8pm – 12am: This is when I get the bulk of my work done. I’ll finish up my freelance projects, work on my blog, get whatever research completed that I need to do, send out emails, etc. I try to get every bit of my work that involves social media done in the earlier half of my work day so that I can focus on writing late at night, but that doesn’t always work out. My work rarely involves me having to make phone calls, so it doesn’t hurt me any to do the bulk of my work late at night. Most nights I can be finished by midnight, but if I have a major project due soon, I’ll stay up until 2am sometimes. I’ll also wash diapers while I’m working and will hang them up on the drying rack right before I go to bed. They’re usually completely dry by the time Viking Man is up in the morning. If I have some doula studies I need to do, I’ll try to get them done during this time, too.

12am, 1am, or 2am: Before bed, I’ll check over things and make sure nothing needs to be folded or wiped down before the morning. Viking Man is pretty good about helping keep the house clean, so I usually don’t have to worry about anything. I do my part to be a good Cuban and have my midnight snack, then I’m off to bed. If I’m not completely tired, I’ll read for a little bit before going to sleep, but I’m usually too exhausted for late night reading. If I feel up to reading, I’m usually reading a book that is required for my doula training.

All-in-all, I work roughly 7 hours a day, 5-6 days a week. Viking Man and I tag team with homeschooling, but our kids receive around 1 ½ to 2 hours of homeschool work about 4 days a week. We count a lot of the things they do on the farm as some of their school work, but Big A (our only school-aged one at this time) does do sheet work and manipulative work around an hour each day. He and Little a both receive instruction in Spanish and Russian, while English (and Spanglish) is used in our day-to-day speaking. I’m not sure how much time Viking Man spends entirely on his freelance work. I would say he spends roughly 2-3 hours a day for about 4 days a week. Most of his job is focusing on farm work and helping me with the kiddos, but the extra income he brings in is certainly very nice to have.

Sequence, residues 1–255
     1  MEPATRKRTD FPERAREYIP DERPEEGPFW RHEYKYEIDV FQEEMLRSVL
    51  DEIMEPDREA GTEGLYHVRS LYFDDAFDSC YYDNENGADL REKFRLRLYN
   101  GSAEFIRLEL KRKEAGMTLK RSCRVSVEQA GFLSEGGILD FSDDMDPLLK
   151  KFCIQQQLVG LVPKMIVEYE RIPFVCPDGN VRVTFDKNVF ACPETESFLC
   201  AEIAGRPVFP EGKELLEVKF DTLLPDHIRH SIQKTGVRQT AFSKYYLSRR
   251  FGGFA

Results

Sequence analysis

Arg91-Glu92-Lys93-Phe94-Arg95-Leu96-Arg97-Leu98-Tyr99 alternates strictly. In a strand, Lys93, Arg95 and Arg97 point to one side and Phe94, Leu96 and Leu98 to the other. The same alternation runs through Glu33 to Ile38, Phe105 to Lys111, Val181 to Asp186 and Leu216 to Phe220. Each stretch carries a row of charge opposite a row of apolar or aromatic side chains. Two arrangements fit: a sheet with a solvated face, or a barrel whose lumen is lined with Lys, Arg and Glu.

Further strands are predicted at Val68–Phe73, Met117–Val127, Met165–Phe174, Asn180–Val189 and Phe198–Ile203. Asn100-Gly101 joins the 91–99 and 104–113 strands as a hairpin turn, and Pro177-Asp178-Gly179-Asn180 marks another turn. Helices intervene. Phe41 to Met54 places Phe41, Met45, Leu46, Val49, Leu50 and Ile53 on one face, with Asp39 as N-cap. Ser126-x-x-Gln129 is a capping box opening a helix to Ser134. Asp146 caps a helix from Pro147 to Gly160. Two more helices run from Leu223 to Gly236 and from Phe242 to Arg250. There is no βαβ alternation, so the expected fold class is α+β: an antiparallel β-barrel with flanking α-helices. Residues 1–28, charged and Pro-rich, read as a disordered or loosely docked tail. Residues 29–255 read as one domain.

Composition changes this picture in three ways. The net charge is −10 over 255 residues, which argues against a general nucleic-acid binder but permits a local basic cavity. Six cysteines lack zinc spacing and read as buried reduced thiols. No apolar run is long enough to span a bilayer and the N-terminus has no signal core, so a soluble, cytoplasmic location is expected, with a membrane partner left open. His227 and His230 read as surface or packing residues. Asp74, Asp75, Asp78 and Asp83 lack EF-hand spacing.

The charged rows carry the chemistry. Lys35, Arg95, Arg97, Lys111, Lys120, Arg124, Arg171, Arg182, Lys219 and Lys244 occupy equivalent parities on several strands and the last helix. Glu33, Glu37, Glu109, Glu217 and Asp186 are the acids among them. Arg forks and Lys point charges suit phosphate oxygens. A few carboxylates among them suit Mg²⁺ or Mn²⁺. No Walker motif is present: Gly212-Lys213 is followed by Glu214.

I’ll post a future article that details what the kids’ homeschool schedules look like, but I wanted this article to show what my schedule as a WAHM looks like. Since Big A is a young preschooler (he’s 3 ½ years old), we try to focus more on independent learning, with a bit of sheet work here and there for practicing patience and all that other boring stuff…

We definitely don’t have everything perfectly organized. Our house isn’t always immaculate, but it’s usually fairly clean. I know that our situation, having both parents at home, would not be ideal for all families, but it works pretty well for us. Both my husband and I have the luxury of working jobs that are easily performed entirely from home, while also being able to be with our children all day. Some days, it drives me crazy being around my loud little bunch 24/7, but when I look back, I’m eternally grateful for this time and the luxuries I have been afforded.

What does your day look like?


Winter Solstice Preschool Curriculum – Week 1, Day 1

Winter Solstice Preschool Homeschool Curriculum - Day 1 Activities

Week 1 – Day 1 (Yule and Sun Theme)

Reading & Social Studies:

Arrow to the Sun by Gerald McDermott You can find a read along of this book on YouTube or purchase it on Amazon.

Arts & Crafts, Math, and Science:

Yule Cinnamon Salt Dough Ornaments

Ingredients:

1 cup flour          1 cup salt            2 1/2 teaspoons ground cloves

3/4 cup water – you may need more, depending on the type of flour you use.

2 tablespoons ground cinnamon       2 teaspoons ground nutmeg

Directions